Courtney Snyder, MD
We’re not necessarily the same animal we once were. And, in many respects, especially when it comes to food, we’re increasingly different from one another. Describing a particular food (or nutrient) as “good” for you, depends on who “you” are. Due to our varied experiences, exposures (ie. to antibiotics, toxins, etc.) and genetics, we’re not all the same. The latest superfood may benefit some, but it may make others ill. Our complicated relationship with food can’t be discussed without considering inflammation, oxidative stress and epigenetics - the three exploding areas of medical research.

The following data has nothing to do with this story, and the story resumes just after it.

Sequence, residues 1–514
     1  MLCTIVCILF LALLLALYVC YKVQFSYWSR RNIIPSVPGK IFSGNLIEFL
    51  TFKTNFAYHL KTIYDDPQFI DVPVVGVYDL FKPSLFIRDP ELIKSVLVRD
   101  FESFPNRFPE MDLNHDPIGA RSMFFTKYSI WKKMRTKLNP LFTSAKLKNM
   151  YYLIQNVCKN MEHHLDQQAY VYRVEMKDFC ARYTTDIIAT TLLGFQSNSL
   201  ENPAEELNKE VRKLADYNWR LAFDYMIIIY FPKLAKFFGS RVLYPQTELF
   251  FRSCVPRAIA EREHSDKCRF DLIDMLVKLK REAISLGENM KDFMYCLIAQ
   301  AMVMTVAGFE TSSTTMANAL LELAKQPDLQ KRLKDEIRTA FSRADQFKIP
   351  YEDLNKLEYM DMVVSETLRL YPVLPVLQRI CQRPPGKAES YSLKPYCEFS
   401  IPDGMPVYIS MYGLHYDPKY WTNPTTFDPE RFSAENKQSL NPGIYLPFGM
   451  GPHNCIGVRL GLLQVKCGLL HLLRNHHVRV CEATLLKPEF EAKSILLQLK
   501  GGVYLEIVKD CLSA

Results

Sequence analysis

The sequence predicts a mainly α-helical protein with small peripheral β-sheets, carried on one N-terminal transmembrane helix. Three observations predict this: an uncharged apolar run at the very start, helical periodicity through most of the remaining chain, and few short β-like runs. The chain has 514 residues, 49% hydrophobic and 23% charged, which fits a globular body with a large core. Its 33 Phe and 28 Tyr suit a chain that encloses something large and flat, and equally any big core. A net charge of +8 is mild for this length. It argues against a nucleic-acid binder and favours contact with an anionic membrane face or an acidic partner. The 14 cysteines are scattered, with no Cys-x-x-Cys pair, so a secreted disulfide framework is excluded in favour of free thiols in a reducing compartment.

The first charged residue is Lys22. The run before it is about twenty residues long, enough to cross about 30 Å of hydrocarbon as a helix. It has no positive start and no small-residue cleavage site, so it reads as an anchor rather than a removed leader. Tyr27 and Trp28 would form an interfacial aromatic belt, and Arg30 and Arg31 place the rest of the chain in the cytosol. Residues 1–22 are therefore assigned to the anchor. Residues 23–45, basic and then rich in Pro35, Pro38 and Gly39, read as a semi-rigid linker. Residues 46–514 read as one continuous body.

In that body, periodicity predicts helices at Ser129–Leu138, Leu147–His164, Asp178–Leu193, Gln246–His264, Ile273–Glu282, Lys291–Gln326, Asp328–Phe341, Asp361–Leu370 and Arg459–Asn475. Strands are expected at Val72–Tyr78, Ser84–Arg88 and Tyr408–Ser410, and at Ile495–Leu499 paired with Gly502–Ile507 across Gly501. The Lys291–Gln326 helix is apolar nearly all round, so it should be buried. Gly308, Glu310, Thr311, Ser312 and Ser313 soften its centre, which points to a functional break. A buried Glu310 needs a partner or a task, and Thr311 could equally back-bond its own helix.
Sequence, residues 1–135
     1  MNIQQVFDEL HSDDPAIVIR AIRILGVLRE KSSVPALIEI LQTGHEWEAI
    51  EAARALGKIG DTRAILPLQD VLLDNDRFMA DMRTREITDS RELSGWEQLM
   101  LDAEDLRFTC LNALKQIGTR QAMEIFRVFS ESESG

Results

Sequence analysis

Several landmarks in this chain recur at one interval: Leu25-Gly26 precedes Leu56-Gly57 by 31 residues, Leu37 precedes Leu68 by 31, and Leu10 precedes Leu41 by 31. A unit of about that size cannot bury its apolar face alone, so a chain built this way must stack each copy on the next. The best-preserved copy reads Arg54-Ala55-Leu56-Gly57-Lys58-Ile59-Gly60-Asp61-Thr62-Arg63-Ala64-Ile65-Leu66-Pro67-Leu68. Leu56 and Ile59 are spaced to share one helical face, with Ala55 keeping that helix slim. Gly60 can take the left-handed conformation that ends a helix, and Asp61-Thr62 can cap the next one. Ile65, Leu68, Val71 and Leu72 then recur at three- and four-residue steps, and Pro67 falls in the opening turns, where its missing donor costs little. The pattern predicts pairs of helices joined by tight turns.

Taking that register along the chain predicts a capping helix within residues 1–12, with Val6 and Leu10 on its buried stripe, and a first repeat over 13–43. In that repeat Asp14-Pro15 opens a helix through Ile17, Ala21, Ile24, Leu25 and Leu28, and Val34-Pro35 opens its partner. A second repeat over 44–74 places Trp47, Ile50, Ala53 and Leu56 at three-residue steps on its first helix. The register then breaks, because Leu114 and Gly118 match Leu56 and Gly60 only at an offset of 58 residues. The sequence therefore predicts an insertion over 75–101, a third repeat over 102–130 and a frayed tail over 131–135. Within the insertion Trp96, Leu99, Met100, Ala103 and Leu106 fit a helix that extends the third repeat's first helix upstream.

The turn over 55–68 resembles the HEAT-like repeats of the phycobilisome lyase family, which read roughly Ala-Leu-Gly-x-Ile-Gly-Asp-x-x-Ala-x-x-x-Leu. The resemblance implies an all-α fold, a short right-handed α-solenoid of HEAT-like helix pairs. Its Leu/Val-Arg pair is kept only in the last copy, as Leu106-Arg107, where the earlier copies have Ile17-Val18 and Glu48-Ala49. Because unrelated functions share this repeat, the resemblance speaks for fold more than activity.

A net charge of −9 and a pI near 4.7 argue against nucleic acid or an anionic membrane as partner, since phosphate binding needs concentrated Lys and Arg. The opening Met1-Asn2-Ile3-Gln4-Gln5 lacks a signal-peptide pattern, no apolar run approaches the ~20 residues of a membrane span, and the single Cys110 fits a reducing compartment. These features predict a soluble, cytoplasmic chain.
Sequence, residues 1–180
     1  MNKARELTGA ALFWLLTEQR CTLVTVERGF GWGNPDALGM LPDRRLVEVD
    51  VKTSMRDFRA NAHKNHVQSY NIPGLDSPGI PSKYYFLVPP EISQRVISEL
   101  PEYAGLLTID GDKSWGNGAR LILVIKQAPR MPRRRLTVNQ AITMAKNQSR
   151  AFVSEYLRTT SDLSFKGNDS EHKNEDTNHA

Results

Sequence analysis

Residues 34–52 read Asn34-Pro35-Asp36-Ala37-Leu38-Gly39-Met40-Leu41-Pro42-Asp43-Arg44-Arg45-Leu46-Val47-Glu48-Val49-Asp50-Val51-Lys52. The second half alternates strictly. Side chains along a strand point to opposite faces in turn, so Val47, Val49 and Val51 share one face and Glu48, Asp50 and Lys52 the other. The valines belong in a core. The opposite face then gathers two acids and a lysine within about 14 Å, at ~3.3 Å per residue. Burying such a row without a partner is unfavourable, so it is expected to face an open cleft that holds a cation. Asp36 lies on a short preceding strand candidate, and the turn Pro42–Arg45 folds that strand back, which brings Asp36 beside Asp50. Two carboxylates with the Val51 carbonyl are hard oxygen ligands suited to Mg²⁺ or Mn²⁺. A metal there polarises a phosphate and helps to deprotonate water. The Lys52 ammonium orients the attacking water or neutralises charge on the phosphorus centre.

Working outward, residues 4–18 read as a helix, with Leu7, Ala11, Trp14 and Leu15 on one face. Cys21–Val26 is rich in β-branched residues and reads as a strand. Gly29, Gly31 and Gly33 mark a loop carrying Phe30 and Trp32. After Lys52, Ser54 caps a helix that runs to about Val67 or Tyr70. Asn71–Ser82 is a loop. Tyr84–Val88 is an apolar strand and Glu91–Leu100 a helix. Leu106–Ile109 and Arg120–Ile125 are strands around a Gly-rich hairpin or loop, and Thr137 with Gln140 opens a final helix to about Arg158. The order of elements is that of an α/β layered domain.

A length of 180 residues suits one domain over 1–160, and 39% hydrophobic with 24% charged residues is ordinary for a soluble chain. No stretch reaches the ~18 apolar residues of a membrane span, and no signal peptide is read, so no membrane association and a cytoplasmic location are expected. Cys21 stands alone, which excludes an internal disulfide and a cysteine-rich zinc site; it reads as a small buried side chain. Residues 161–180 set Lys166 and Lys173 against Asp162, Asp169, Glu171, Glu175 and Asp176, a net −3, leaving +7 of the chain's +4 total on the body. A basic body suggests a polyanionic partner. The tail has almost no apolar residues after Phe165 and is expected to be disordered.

I'm a conventionally trained child, adolescent and adult psychiatrist. My current approach to health is both holistic (pertaining to the whole person) and functional (addressing the root causes of illness). I write this blog to share what I've learned.